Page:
No. If you changed Medicare Part D plans to another Medicare Part D plan, you will receive a new member ID card from your new Medicare plan that includes the information identifying your new plan.
Maybe. In the past, some Medicare plans used the same member ID card for multiple years for members who did not change plans. If you have not yet received a new card for Medicare Part D or Medicare Advantage, get in touch with your Medicare plan’s member services department.
No. You do not need to notify the Social Security Administration about your Medicare Part D or Medicare Advantage plan premium change. If you have elected to have your monthly premiums automatically deducted from your Social Security check, any increase (or decrease) in monthly plan premiums will automatically be adjusted by Social Security.
Within 2 to 3 months. You can expect your Social Security check deductions to begin within 2 to 3 months after the start of the new Medicare plan. Your first deduction will include any previously unpaid premiums. For instance, if deductions begin in February, the first deduction will include both January and February monthly premium payments. So if you did not see your January premium deduction, be sure to budget for less income in February when you will pay two premiums at once.
Yes. In order to enroll in a Medicare Advantage plan, you must be covered by Medicare Part A and Medicare Part B.
If you qualify for the full Medicare Part D Low-Income Subsidy (LIS or Extra Help), Medicare will auto-enroll you into a Medicare Part D plan that qualifies for your state’s $0 monthly premium. However, you have the right to select your own Medicare Part D plan at any time during the plan year. If you select your own plan, Medicare considers you a “chooser” and does not automatically change your enrollment for the next plan year.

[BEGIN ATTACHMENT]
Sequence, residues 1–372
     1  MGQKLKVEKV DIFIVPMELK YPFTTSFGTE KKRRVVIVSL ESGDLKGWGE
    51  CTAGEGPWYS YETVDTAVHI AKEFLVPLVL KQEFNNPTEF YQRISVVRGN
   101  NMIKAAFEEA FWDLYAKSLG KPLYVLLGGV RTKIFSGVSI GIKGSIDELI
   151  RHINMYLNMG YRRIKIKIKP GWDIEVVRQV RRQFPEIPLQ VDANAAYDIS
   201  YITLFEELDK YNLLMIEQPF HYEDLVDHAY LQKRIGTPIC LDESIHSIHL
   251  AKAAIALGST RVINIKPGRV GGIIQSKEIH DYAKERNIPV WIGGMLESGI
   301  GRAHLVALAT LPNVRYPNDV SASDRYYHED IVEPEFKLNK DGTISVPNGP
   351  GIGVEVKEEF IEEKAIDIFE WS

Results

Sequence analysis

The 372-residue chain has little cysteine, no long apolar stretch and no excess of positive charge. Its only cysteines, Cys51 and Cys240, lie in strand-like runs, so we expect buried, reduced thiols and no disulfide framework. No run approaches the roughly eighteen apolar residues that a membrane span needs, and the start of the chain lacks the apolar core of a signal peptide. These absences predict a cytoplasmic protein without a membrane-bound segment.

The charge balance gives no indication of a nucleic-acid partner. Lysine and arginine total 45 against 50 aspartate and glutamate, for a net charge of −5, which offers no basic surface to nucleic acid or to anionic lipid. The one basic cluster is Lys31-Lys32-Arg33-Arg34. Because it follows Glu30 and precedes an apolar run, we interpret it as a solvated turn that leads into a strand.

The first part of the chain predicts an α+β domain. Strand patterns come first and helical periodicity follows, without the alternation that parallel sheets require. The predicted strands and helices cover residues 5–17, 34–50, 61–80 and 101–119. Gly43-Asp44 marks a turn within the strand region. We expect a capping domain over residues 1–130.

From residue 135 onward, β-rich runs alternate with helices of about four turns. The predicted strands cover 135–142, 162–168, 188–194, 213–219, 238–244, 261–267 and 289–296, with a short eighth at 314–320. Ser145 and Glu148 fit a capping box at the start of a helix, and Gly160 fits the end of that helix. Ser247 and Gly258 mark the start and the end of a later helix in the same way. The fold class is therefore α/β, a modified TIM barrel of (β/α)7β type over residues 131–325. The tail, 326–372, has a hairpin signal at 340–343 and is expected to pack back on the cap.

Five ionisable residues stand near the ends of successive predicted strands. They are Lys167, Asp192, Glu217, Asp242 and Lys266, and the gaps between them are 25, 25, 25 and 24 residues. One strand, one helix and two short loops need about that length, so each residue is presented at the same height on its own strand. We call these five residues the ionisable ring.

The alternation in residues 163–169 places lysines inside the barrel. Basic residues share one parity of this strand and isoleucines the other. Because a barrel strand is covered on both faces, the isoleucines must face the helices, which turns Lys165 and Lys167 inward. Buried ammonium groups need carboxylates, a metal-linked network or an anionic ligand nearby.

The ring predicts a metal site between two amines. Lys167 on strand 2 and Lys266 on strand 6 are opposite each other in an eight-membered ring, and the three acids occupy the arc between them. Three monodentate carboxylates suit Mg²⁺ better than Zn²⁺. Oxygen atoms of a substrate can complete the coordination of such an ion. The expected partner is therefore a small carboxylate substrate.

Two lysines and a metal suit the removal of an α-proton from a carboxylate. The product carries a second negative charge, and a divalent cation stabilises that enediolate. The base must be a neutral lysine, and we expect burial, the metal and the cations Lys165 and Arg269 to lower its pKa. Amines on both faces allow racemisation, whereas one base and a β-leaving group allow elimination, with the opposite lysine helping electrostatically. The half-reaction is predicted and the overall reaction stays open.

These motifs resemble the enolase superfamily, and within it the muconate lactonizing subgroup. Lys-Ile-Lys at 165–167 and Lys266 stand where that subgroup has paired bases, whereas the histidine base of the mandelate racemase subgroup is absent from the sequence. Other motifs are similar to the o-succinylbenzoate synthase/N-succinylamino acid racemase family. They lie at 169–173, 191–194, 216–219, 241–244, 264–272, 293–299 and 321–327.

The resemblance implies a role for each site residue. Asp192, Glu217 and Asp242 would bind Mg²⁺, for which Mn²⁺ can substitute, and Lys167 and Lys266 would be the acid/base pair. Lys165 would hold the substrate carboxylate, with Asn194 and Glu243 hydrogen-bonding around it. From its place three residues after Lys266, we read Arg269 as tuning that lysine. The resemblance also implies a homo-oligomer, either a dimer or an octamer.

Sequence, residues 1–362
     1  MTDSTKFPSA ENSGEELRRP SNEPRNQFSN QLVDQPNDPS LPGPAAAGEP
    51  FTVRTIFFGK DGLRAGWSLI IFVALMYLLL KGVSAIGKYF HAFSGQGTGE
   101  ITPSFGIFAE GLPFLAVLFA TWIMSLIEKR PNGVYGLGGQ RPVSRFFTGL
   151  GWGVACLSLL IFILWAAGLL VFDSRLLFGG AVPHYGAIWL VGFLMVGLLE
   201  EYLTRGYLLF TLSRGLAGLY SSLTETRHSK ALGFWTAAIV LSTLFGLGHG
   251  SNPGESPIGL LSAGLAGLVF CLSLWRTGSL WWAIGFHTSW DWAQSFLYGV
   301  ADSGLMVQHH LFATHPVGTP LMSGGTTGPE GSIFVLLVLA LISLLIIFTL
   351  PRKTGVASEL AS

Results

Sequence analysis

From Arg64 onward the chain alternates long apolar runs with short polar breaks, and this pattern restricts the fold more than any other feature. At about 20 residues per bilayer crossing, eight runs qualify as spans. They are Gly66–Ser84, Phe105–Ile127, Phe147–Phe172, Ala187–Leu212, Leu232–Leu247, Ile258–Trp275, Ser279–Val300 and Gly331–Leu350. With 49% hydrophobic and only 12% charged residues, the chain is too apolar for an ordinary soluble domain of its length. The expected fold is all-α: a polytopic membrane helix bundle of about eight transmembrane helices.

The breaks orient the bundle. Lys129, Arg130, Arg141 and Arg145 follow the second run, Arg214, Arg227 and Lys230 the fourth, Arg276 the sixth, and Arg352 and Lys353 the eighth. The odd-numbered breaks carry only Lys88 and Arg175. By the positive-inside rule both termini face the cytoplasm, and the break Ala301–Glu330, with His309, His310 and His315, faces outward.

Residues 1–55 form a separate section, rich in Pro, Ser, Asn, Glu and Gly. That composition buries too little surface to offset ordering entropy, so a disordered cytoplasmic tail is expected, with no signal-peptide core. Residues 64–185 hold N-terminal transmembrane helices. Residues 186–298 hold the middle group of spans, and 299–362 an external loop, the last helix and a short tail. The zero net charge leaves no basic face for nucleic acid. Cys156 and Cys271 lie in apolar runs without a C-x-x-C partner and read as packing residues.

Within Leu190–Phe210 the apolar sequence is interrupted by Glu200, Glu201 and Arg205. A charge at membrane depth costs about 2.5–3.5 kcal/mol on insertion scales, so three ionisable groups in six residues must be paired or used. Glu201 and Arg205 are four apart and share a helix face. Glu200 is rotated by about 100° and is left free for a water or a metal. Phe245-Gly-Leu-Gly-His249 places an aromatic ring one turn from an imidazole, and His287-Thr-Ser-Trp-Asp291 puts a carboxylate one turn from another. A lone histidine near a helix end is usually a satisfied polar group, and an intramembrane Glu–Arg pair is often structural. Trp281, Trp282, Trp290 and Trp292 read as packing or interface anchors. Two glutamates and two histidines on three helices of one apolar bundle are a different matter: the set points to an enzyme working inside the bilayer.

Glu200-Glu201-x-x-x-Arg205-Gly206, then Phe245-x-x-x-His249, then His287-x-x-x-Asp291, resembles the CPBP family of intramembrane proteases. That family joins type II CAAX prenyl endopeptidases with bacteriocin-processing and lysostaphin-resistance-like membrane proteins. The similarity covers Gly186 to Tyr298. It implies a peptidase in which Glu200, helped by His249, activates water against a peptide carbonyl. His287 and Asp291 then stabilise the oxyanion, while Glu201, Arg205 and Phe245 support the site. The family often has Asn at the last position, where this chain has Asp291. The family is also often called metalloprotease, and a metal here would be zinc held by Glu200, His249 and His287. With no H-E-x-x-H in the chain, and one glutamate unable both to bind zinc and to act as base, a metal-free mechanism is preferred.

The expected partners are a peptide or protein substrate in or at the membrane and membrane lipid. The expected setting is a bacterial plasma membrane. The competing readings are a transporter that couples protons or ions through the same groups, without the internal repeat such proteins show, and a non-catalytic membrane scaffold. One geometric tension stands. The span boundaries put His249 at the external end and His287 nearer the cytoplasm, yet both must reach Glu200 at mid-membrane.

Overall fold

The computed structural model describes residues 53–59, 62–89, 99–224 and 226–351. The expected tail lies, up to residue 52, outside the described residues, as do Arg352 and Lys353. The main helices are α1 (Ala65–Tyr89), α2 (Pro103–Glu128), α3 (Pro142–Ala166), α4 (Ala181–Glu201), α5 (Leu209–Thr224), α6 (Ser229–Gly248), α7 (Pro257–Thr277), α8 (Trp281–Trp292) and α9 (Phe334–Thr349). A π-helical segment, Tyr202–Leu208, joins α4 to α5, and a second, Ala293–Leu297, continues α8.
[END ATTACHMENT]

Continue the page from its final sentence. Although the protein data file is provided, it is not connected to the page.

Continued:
You are not being charged for Part D IRMAA, but rather Part B IRMAA. Income related monthly adjustments amounts (IRMAA) are charged if a Medicare beneficiary earns over a certain amount of income. IRMAA is assessed in addition to both Medicare Part B and Medicare Part D premiums.
If your medications are not covered by your new Medicare Part D plan, there are at least three steps you can take at this time:
Even if you did not change Medicare prescription drug plans, it is possible your new Medicare prescription drug plan has implemented some form of utilization management (or drug usage management) in their formulary to keep costs down and protect their plan members.
Yes. If you elect to go with a new Medicare Part D plan and use the same pharmacy, your pharmacy should adjust your prescriptions to and bill your new prescription drug plan automatically – assuming your pharmacy is also a part of your new prescription drug plan’s pharmacy network. Show your pharmacist your new drug plan ID card. Please remember, if your pharmacy is not a preferred network pharmacy for your new Medicare Part D plan, you may pay higher cost-sharing rates.
Your Medicare Part D plan coverage begins in January of each year and your Coverage Gap will end December 31.
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